How Does a Commercial Real Estate Loan Work?

Press release content from Newswire. The AP news staff was not involved in its creation.

Click to copy

NEW YORK – September 23, 2021 – ( )

iQuanti: Commercial real estate loans are designed to help business owners purchase income-producing properties, such as retail stores or office buildings. Just like home buyers can use residential loans to finance new homes, business owners can use commercial real estate lending to get a mortgage for their next property.

Still, navigating the ins and outs of commercial real estate loans can be tricky. It’s important to understand the different types of loans available, terms of each loan agreement, and application criteria.

What is a commercial real estate loan?

A commercial real estate loan is a loan provided by a lender to a business or business owner for the purpose of purchasing or renovating a commercial property.

Examples of these commercial properties include:

  • Shopping centers
  • Restaurants
  • Office buildings
  • Apartment buildings
  • Warehouses
  • Hotels
  • While residential loans are often granted to individuals, such as prospective homeowners, commercial real estate loans are commonly given to businesses, such as corporations, partnerships, and trusts.

    Types of commercial real estate lenders also vary. Common lenders include commercial banks, credit unions, and private companies. The U.S. Small Business Administration (SBA) also offers two types of SBA loans for businesses.

    What are the terms of commercial real estate loans?

    Many different factors go into creating commercial real estate loans. These terms are decided based upon the unique needs of the lender and the borrower.

    READ  Real estate spotlight: Community Within the Corridor developers think big to create deeper community impact

    Repayment schedule

    Repayment schedules for commercial real estate loans commonly range from five to 20 years.

    The amortization period, however, is typically longer than the repayment period. A borrower might have 10 years to repay the loan, for example, but the amortization schedule is 30 years. So at the end of those 10 years, they make one last balloon payment to cover their remaining balance.

    Prepayment penalties

    Many commercial real estate loans come with prepayment penalties or fees, discouraging borrowers from paying off their loans early.

    The main types of these penalties include:

  • Basic prepayment penalty — a fixed percentage, set by the lender, multiplied by the current outstanding balance
  • Interest guarantee — an interest rate the borrower must continue to pay even after repaying the loan in full
  • Lockout — a specified time period during which the borrower can’t pay off the loan
  • Loan-to-value ratio

    The loan-to-value (LTV) ratio is the amount of the loan divided by the property’s value. This helps lenders determine how much money they can realistically loan to a borrower.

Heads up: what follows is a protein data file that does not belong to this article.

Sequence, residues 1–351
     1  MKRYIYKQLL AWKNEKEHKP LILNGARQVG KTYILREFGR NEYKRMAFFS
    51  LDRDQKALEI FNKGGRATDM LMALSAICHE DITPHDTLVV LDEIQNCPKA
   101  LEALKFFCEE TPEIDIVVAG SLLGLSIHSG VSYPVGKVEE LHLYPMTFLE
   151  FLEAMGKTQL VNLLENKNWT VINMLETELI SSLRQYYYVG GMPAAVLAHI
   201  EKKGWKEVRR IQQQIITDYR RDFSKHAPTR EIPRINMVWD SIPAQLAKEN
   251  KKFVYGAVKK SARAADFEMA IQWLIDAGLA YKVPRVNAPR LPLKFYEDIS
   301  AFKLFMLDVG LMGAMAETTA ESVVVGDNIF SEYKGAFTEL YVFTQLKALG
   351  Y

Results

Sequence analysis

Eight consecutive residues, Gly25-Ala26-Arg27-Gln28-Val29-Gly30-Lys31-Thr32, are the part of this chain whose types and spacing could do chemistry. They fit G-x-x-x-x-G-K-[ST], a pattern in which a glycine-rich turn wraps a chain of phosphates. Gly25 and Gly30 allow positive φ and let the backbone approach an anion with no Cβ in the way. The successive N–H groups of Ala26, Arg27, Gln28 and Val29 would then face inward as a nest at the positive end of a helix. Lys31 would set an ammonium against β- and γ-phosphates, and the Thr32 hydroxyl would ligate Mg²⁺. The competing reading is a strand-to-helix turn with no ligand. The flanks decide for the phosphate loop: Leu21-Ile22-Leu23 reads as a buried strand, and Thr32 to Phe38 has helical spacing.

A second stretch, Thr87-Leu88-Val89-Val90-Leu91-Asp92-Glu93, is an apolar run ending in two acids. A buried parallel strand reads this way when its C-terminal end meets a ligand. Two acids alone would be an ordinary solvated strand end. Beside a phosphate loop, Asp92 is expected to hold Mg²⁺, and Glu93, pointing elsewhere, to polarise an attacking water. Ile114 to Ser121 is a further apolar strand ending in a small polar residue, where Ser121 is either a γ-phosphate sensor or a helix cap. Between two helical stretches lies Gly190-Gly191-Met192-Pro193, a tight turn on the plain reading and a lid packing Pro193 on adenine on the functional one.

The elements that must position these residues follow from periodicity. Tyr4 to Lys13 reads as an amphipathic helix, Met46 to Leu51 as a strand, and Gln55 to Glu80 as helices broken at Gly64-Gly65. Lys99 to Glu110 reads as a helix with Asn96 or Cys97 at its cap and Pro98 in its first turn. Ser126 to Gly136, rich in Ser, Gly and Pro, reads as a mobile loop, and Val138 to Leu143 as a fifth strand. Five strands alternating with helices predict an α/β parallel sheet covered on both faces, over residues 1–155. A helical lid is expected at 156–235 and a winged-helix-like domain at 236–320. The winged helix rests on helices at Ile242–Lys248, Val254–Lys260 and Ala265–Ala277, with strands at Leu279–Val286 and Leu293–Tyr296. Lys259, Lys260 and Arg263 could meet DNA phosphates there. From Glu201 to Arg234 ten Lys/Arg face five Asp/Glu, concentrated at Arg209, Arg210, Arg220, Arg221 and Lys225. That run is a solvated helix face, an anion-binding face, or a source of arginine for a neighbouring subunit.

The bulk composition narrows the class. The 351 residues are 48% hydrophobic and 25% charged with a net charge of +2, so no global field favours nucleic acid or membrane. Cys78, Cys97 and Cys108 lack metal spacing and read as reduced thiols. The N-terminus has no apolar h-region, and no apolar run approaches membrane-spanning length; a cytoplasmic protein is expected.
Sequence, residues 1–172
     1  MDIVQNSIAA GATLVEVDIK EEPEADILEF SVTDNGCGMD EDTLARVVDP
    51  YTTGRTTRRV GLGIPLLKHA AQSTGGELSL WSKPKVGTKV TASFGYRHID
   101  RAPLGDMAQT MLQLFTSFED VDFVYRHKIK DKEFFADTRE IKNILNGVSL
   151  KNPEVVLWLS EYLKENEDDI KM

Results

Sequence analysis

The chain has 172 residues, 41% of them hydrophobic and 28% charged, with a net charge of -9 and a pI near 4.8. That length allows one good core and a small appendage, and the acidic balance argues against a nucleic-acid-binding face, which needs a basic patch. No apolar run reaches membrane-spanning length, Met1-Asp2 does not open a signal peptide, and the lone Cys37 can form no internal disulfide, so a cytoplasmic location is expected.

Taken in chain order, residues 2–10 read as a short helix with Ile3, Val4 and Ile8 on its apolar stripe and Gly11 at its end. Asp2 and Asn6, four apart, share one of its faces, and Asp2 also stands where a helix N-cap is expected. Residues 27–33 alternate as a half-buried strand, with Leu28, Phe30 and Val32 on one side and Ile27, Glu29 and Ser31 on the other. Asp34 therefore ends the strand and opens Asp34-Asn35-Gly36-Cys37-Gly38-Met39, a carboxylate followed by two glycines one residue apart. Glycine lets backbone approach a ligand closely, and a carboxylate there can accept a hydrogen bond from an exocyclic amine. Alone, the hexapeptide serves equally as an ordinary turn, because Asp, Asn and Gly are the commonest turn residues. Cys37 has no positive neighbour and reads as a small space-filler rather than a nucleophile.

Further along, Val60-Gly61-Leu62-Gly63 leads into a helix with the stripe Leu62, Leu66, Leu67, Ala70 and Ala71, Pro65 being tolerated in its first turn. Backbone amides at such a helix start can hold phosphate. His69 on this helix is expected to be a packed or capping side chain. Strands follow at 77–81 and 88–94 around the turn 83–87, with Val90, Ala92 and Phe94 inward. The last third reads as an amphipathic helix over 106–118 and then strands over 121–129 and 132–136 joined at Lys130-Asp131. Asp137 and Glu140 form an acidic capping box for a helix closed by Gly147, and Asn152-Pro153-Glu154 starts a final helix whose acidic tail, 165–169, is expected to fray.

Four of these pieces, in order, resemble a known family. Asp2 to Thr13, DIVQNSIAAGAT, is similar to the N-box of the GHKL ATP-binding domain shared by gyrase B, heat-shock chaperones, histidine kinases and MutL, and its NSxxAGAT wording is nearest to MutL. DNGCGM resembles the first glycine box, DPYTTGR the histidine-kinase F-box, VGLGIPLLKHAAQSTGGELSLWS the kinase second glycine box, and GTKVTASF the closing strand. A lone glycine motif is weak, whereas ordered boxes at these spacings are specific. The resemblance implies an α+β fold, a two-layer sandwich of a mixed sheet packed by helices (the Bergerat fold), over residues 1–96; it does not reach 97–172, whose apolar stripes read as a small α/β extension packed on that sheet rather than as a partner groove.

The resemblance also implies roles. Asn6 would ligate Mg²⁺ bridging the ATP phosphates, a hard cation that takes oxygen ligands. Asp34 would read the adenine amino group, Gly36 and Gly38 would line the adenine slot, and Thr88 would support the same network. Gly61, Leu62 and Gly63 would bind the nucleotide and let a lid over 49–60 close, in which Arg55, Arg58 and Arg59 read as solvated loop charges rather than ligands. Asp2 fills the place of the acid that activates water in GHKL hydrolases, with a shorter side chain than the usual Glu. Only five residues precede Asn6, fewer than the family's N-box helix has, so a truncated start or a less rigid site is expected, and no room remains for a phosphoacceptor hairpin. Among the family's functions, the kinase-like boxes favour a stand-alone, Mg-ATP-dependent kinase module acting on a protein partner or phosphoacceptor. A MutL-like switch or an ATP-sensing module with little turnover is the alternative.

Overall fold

LTVs for commercial real estate loans commonly fall in the range of 65-80%. That means commercial real estate buyers may need to put 20-30% down on their property before applying for a loan.

    Debt-service coverage ratio

    The debt-service coverage ratio (DSCR) is the property’s annual net operating income divided by its annual mortgage debt payments. This helps lenders calculate their loan based on how much revenue the commercial property is expected to generate.

    READ  Small Business Focus: A ReLaunch Success Story

    The median DSCR is 1.25, according to the National Association of Retailers. A DSCR of less than 1 tells lenders that the business won’t have enough cash flow to cover their annual debt.

    Interest rates and fees

    Interest rates for commercial real estate loans average in the range of 5-7%. However, these rates depend on many factors. For example, borrowers with lower LTVs may qualify for lower interest rates, since their loans pose less risk for the lender.

    Commercial real estate may also come with a range of fees to be paid during closing, such as:

  • Appraisal fees
  • Legal fees
  • Application fees
  • Survey fees
  • Origination fees
  • How can you apply for a commercial real estate loan?

    A commercial real estate lender will commonly take a few different criteria into account when deciding whether to provide a loan. These factors include:

  • Collateral. The commercial property itself will often be used as collateral.
  • Business credit. This includes a business’ credit score, debts, and payment history.
  • Personal credit. If a business hasn’t been operating long enough to have a credit history, the lender may consult the business owner’s personal credit history.
  • It’s important for business owners to understand these loan terms and criteria while shopping for a commercial real estate lender and preparing to make their next big financial investment.

    Press Release Service by

    Original Source: How Does a Commercial Real Estate Loan Work?

    Leave a Reply

    Your email address will not be published. Required fields are marked *